'I was backstage listening to Tim while watching Owsley pace and do the monitors. And he said, "Are you sure you guys take acid?" Because Tim was going on and on.'

'Everything he said was very provocative,' Owsley Stanley recalled. '"Fuck authorities. To hell with your parents. Turn on, tune in, drop out. Take acid, don't care about what anyone would say, do as you please.' He scared a lot of people because they thought he was too weird. And he was. He just kind of went around the bend. Everyone was saying, "Look, Tim, you're out of control here. You've got to cool it. You're bringing too much heat on everything. We don't want a lot of attention." But he wouldn't listen.'" (p.303-4)

On p.330, it's also mentioned that founding members of the Brotherhood of Eternal Love went to see Leary at this appearance, though with no extra details.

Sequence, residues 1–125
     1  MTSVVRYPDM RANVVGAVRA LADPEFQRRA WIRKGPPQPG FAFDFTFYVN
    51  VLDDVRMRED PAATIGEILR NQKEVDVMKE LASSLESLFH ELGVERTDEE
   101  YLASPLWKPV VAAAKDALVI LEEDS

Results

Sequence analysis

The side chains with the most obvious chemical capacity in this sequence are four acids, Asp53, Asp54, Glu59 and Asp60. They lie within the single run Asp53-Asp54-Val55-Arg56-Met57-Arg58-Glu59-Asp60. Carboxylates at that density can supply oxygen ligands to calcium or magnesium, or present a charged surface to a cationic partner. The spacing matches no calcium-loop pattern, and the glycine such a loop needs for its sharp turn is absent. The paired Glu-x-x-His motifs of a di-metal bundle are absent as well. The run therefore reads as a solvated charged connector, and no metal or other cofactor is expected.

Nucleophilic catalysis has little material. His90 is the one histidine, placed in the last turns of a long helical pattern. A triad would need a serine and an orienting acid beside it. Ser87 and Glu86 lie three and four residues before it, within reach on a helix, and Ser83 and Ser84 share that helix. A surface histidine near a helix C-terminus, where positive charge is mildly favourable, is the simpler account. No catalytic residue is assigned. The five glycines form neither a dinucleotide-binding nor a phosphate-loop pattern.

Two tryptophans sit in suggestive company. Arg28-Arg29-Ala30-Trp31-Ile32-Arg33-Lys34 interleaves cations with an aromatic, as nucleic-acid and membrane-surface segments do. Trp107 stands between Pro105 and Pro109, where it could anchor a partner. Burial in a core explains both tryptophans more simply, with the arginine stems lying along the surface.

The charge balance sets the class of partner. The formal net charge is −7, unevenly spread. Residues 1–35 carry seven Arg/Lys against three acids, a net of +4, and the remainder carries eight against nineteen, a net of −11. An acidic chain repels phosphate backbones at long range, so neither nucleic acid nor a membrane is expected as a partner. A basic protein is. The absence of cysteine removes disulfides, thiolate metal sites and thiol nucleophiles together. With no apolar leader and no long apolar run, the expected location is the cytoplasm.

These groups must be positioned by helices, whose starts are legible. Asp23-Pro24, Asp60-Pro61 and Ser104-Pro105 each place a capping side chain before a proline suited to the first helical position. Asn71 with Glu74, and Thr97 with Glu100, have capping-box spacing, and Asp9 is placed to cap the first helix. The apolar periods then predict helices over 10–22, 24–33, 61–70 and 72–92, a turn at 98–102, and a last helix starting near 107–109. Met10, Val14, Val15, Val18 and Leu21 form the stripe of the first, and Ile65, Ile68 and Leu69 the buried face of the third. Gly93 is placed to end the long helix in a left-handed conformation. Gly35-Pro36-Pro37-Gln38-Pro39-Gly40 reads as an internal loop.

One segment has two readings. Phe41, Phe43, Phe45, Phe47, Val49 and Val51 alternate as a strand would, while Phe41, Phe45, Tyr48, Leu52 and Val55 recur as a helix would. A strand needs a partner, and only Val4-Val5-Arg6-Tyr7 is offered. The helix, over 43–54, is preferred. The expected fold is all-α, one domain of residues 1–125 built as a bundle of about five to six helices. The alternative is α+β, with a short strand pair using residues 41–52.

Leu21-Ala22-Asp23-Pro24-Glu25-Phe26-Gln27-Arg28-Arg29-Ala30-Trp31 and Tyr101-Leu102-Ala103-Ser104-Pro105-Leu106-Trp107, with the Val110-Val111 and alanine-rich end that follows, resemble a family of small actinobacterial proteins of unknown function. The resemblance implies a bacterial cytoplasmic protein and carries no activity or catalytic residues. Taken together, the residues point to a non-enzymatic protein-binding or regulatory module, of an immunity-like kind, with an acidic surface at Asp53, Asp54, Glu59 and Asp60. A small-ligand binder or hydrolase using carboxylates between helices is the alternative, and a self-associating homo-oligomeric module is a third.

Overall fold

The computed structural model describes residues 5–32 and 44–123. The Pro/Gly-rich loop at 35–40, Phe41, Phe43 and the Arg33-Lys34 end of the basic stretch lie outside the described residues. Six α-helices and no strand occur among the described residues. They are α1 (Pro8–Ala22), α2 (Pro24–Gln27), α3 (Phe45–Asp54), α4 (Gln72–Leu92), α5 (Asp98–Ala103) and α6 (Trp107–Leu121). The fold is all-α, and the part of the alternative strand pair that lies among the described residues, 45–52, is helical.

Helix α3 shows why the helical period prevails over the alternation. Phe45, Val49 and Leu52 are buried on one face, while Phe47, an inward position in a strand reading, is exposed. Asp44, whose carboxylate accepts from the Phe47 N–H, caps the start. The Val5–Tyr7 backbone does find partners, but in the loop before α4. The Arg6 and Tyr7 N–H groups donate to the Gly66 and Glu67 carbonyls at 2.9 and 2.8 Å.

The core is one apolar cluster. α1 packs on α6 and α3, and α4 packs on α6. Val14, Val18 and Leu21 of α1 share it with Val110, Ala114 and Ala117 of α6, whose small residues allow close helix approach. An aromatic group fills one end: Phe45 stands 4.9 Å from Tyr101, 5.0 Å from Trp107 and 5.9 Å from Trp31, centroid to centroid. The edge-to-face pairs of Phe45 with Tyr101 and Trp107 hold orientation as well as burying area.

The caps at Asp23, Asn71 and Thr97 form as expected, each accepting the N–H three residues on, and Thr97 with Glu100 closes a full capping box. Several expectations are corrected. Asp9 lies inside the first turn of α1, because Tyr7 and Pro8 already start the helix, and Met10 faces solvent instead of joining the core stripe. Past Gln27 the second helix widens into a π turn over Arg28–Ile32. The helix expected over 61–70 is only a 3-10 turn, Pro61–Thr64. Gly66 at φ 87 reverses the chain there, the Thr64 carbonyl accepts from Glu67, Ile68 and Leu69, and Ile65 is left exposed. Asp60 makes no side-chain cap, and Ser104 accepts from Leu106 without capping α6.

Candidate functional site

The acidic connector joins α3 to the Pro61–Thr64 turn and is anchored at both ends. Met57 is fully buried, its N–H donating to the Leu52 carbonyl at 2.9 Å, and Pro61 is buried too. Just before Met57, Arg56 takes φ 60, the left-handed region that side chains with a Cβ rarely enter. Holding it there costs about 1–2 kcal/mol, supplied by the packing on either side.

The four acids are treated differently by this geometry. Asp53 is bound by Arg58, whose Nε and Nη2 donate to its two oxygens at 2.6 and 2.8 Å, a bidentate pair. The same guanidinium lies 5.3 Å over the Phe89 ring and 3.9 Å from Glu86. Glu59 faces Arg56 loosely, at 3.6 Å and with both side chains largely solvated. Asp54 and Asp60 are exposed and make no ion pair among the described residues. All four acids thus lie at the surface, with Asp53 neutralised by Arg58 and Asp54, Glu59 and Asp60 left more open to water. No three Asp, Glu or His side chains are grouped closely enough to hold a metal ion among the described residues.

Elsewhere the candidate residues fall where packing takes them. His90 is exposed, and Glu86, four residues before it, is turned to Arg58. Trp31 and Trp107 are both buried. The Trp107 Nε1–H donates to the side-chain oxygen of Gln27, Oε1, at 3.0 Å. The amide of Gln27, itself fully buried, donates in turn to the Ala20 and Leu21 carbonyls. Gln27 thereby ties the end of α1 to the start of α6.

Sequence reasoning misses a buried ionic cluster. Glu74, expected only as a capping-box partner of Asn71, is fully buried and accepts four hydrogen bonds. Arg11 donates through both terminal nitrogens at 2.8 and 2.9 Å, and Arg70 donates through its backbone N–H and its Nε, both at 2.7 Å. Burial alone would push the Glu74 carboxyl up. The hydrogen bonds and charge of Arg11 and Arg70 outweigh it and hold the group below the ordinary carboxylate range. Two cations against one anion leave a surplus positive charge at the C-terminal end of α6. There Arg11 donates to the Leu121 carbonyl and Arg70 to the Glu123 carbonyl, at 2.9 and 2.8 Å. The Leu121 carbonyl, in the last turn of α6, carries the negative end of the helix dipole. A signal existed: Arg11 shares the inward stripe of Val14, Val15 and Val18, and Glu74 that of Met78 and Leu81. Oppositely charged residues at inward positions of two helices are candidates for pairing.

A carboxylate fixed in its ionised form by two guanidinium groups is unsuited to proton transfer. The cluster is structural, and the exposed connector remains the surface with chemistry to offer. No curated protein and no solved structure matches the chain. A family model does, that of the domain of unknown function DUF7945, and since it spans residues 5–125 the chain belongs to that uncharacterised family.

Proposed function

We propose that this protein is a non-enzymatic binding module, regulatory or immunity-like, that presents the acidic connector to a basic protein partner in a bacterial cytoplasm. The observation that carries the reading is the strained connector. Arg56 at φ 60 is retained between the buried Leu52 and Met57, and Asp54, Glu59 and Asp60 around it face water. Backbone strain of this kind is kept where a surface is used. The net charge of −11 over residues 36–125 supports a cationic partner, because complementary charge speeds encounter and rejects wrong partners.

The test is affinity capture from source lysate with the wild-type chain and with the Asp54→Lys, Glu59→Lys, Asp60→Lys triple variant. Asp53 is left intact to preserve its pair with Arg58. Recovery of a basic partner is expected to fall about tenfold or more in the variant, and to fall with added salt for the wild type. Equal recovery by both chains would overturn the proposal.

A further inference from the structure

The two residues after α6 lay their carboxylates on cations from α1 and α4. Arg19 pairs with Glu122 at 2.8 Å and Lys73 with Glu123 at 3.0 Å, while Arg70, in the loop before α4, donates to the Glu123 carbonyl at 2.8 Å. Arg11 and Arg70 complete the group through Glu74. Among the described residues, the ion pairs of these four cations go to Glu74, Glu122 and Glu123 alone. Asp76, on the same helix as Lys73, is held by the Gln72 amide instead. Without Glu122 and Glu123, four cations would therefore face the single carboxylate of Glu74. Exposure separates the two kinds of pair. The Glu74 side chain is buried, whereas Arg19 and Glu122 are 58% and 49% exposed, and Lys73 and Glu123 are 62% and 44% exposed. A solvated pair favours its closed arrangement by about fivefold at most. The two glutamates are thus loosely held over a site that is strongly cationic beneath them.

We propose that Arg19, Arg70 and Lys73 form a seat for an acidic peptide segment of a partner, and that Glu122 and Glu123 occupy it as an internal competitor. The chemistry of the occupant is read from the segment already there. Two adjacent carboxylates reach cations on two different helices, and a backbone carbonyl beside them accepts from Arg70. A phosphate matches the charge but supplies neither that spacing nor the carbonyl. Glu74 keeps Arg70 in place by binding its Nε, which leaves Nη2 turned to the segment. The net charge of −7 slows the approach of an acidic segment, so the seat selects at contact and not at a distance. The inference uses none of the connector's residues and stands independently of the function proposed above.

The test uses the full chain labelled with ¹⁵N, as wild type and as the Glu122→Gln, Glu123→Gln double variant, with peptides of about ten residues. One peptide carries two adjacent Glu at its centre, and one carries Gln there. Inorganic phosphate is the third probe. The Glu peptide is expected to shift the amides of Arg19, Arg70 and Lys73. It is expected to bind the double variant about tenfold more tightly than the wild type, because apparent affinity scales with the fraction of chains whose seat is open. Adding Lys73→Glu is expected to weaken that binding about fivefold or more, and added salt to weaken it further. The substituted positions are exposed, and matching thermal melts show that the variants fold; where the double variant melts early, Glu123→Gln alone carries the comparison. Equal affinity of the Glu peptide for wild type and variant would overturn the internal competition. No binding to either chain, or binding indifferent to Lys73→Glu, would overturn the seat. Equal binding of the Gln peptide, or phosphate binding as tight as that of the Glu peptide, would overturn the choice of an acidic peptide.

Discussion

So apparently there was a sort of 'multi-media' show, and Leary gave some sort of lecture, and then the Dead closed the show. There are many remarkable details embedded within these quotes. For one thing, the Grateful Dead had parted ways with Owsley in August 1966, since his "business interests" were not aligned with the Dead's goal of being successful professional musicians. Nonetheless, they were all still friends, and it sounds like Owsley was the guest soundman for the night ("do the monitors").

The most tantalizing detail is that the the founders of The Brotherhood Of Eternal Love went to see the Dead. Unraveling the double helix of connecting strands between the Dead and the BOEL would practically take a book, and fortunately one is being written right now. So it turns out that not only did the Dead and Tim Leary share the stage in Santa Monica in January 1967, but all sorts of wheels were set in motion for underground America as well.

updateII: Commenter runonguinness has found an eyewitness account, from Rosie McGee's book (in chapter 4)